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2016-17 Rink Wrap: Marcus Johansson

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From Alzner to Winnik, we're taking a look at and grading the 2016-17 season for every player who laced 'em up for the Caps for a significant number of games during the campaign, with an eye towards 2017-18. Next up, Marcus Johansson.

NHL: Washington Capitals at Dallas Stars Jerome Miron-USA TODAY Sports

Japers' Rink Player Card (click for a hi-res version; data via, and Cap Friendly):

Johansson's Season, Game-by-Game (via HockeyViz, explained here):

Johansson and His Linemates (chart by @muneebalamcu):

Johansson's 5v5 Teammates and Competition (via HockeyViz, explained here):

Johansson's 5v5 Usage (chart by @muneebalamcu):

Johansson's With-or-Without You (via HockeyViz, explained here):

Johansson's Rolling Shot-Attempt (Corsi) -For Percentage (chart by @muneebalamcu):

Johansson's Seven Seasons (via

Johansson’s Goals Against Replacement (GAR) Components (chart by @ChartingHockey, data by @DTMAboutHeart, explained here, Tableau here):

Johansson's HERO Chart (via Own The Puck):

Key Stat: Johansson accumulated 58 points this season (24 goals, 34 assists), which was not only good enough for the fourth-highest total on the team but also established a new career high.

Interesting Stat: Only Alex Ovechkin has more game-winning goals than Marcus Johansson over the last two seasons for the Caps, and the 12 game-winners earned by Johansson since the start of 2015-16 put him in the top 20 among all NHLers in that category.

The Good: Over the course of his career, Johansson has been almost surprisingly consistent, averaging about 45 points a season and failing to crack 40 points only twice in seven years - his rookie season (27 points) and the lockout-shortened 2013 campaign (22). This year, however, he seemed to take a step forward in his production, setting new career highs in goals (24, his second 20+ goal season) and points. He also continued to be insanely disciplined; the fact that he posted his third-highest PIM total of his career and that total was a whopping 10 minutes... yeah.

Johansson spent the majority of the season making up a third of the team’s successful second line with Evgeny Kuznetsov and Justin Williams. As part of that trio, Johansson scored 11 of his career-high 19 even-strength goals, and it was a big part of his overall CF% rate of 53.2% at five on five. And while his shooting percentage was a somewhat inflated 18.6%, Johansson continued to perfect his ability to get to the front of the net to score his goals. Here’s a look at where all of his goals came from this year:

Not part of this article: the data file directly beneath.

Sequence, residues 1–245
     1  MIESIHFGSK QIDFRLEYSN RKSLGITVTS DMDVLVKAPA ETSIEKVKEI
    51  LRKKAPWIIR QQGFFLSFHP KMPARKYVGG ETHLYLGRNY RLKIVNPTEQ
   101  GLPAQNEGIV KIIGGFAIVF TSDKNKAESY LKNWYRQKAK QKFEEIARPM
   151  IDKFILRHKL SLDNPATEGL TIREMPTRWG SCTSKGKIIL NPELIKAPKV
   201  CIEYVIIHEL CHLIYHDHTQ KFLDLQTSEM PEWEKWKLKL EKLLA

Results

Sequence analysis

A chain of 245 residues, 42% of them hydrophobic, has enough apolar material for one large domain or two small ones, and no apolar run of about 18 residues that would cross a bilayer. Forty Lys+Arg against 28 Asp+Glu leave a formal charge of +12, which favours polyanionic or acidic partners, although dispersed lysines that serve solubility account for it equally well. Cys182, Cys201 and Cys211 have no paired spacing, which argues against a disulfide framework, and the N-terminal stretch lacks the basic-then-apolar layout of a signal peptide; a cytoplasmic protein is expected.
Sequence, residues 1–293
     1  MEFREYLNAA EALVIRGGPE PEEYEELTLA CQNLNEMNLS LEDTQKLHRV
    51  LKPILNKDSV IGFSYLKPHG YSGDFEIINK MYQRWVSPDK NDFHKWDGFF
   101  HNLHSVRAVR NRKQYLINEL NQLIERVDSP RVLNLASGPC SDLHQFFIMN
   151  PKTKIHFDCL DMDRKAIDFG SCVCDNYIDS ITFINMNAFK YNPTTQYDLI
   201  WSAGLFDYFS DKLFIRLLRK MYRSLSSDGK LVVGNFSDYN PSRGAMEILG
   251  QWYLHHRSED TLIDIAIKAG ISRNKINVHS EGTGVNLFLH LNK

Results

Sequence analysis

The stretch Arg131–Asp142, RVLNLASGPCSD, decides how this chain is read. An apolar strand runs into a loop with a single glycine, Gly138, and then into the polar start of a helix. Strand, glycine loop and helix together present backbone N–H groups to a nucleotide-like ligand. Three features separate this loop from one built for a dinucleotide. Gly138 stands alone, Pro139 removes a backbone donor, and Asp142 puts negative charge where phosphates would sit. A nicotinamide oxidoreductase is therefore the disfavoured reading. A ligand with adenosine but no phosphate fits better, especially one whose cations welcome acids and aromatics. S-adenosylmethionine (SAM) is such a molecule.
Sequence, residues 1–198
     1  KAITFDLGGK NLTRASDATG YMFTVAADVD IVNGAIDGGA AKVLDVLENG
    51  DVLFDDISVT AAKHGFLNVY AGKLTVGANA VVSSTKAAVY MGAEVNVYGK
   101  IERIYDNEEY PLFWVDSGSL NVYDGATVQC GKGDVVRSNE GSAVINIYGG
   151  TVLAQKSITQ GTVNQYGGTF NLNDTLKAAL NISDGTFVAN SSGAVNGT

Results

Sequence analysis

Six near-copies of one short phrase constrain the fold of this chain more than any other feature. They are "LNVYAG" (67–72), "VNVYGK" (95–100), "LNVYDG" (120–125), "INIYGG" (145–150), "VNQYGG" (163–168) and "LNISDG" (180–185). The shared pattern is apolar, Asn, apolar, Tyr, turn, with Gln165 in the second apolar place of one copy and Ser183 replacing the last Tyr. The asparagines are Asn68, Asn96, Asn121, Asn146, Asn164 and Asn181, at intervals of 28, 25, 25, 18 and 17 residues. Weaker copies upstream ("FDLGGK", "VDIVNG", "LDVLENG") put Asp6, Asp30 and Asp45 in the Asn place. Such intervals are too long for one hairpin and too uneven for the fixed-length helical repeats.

Chart via

Johansson’s net-front presence paid huge dividends in the playoffs, when he used it to scored the series-clinching overtime winner against the Leafs - one of two goals and eight points he picked up during the team’s 13-game postseason run.

The Bad: That shooting percentage mentioned above was, as noted, fairly inflated; among the Caps, only T.J. Oshie had a higher shooting percentage than Johansson, which would suggest that his 24-goal campaign is perhaps not sustainable. In fact, he saw a dip in all of his shot-based metrics, posting his lowest iSF/60, iCF/60 and iFF/60 at even strength in three seasons.

So it’s not all that surprising that his numbers were also bolstered by abnormally high power-play totals - his 19 points with the extra man were the second-highest of his career.

With all of that, and despite all of his scoring success in the regular season, Johansson struggled to put up points in the playoffs; that may sound strange to say considering he set a career high with eight points (and tied a career high in goals with two), but he was limited to just three assists through the first five games of the Toronto series, scored both his goals in an admittedly key time in Game 6, and had just three assists in the whole series against the Penguins - including none in Game 6 or (obviously) 7.

In a series in which the Caps were supposed to have the edge on forward depth, they needed more from Johansson and friends.

The GIF/Video:

Becca H

The Vote: Rate Johansson below on a scale of 1-10 (10 being the best) based on his performance relative to his potential and your expectations for the season - if he had the best year you could have imagined him having, give him a 10; if he more or less played as you expected he would, give him a 5 or a 6; if he had the worst year you could have imagined him having, give him a 1.

The Discussion: Do you prefer Johansson on a line with Evgeny Kuznetsov, or as part of a Tre Kronor line with Nicklas Backstrom and Andre Burakovsky? Is Johansson’s point production sustainable despite an inflated shooting percentage? What would it take for you to give him a "10" next year?

Other Johansson Season Reviews: Peerless


How do you rate Marcus Johansson’s 2016-17 season?

This poll is closed

  • 2%
    (3 votes)
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  • 29%
    (41 votes)
  • 26%
    (37 votes)
  • 17%
    (24 votes)
  • 6%
    (9 votes)
  • 1%
    (2 votes)
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    (2 votes)
  • 0%
    (1 vote)
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    (1 vote)
140 votes total Vote Now